Box out: What’s the latest with MV Agusta?
Towards the end of last year new owners, Harley Davidson announced they were selling MV Agusta to concentrate fully on their own business. They’re still at the reins and continue to support MV in producing the new F4 and Brutale models, as well as keeping development going for new bikes, including the rumoured three-cylinder supersport machine.
Sales and Marketing Director, Umberto Uccelli, explains. “Things at MV Agusta are good. We are producing new models in the Brutale 990 and 1090RR and will shortly be delivering the new F4 to the UK via the importer MotoGB.
“Despite all the discussions about the future ownership of the company we’re continuing to work on sales, production and development of new projects. Things are going ahead as before, but of course people are wondering about our future. That’s normal. In MV’s history, we’ve had many ups and downs and that question has always been there at some point, but we’ve always survived. We have lots of companies interested in MV Agusta, so that’s not a big issue.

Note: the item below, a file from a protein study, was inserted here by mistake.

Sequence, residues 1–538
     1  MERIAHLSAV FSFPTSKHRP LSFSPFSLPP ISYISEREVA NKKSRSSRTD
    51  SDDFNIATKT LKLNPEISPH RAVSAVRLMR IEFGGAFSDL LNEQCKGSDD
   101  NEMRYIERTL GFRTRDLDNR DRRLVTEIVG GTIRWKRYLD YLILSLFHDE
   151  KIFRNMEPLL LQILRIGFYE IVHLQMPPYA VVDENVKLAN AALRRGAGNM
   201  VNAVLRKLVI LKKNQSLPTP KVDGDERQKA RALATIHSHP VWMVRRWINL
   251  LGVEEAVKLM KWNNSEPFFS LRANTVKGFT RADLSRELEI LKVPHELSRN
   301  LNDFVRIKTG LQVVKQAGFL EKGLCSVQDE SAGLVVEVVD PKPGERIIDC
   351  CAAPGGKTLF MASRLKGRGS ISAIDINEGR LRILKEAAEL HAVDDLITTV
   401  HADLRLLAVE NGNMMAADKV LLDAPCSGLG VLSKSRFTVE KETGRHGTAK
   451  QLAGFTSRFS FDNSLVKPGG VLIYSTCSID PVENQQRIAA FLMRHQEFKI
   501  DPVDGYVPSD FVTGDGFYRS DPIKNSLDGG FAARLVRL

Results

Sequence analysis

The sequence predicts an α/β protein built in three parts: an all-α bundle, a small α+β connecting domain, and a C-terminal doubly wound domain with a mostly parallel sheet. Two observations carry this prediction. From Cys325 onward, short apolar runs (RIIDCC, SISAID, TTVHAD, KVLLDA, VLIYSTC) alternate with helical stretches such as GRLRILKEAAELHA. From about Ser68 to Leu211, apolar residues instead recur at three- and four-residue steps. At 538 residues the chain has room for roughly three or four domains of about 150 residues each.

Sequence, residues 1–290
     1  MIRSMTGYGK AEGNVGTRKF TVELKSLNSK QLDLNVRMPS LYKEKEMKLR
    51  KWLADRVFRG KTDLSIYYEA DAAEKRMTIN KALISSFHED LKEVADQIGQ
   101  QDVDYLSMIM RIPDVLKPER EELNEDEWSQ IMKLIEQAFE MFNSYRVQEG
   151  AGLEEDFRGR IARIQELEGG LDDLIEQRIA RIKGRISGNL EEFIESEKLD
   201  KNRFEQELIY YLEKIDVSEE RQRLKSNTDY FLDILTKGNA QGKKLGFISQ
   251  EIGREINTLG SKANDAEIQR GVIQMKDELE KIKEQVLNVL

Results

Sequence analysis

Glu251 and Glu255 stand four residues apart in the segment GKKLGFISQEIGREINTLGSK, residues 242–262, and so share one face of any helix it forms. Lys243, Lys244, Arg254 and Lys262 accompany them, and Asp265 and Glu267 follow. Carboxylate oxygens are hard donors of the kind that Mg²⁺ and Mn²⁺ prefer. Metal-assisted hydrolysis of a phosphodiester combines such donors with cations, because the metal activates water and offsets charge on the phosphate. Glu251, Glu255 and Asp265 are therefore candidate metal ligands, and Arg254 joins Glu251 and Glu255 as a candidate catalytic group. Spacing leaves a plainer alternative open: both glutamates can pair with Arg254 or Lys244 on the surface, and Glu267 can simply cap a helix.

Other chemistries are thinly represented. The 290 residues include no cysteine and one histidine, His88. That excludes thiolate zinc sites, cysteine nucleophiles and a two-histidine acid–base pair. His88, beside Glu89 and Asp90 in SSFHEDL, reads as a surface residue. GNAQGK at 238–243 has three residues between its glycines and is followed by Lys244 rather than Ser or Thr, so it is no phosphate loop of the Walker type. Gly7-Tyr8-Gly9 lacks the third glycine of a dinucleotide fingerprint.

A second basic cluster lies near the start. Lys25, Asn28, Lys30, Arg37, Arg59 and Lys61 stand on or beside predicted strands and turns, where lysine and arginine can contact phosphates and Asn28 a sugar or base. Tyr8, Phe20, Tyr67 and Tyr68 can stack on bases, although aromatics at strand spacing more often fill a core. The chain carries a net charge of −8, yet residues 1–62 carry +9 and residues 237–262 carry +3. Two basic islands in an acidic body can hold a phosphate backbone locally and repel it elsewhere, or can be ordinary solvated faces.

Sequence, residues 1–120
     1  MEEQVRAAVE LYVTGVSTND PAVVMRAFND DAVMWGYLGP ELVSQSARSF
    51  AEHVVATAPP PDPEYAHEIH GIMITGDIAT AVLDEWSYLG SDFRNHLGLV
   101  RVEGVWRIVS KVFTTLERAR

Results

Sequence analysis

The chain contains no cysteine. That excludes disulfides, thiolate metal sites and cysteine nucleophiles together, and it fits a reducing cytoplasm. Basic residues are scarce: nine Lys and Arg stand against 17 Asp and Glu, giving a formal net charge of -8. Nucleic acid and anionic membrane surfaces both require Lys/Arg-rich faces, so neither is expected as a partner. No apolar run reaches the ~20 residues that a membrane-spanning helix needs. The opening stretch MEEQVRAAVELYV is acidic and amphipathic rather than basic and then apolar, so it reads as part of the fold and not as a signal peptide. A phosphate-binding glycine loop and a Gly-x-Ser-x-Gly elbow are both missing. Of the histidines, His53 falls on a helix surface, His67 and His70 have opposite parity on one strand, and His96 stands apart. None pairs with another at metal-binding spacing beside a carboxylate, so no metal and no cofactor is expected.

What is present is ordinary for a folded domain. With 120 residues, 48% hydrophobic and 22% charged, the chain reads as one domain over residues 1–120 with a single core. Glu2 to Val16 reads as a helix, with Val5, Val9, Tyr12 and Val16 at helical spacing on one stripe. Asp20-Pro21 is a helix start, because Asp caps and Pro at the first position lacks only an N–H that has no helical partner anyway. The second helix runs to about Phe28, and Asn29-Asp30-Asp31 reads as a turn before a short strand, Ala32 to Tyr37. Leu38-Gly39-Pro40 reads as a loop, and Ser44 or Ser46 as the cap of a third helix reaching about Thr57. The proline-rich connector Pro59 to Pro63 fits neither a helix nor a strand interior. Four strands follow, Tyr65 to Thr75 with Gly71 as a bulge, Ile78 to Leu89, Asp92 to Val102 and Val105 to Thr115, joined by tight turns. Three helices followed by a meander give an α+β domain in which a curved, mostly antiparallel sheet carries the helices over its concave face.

We’re expecting something will happen quite soon, maybe
in the next month or so.”
What’s new annotations:
Although it shares the same 998cc capacity and 76 x 55mm bore and stroke as the old F4 1000, it’s all-change for the new radial valve inline-four-cylinder F4 motor. Producing a claimed 186.3bhp@12,900rpm the engine has lighter crankcases and a redesigned crankshaft which is 2kg-heavier and has 47% more inertia (developed during the 2008 Italian superbike championship). The heavier crank, which has lighter conrods, allows MV to do away with a separate balance shaft.
Inlet tracts are shorter for extra high rpm performance. New 30mm titanium inlet valves (25mm steel exhaust valves) are stronger and lighter. The oil pump, deeper sump, cooling system and generator have all been honed and tweaked for improved performance.
One of the most noticeable changes to the F4 is its new four-into-one exhaust system. It has four removable square-section end cans inside of the infamous old ‘organ pipe’ circular ones.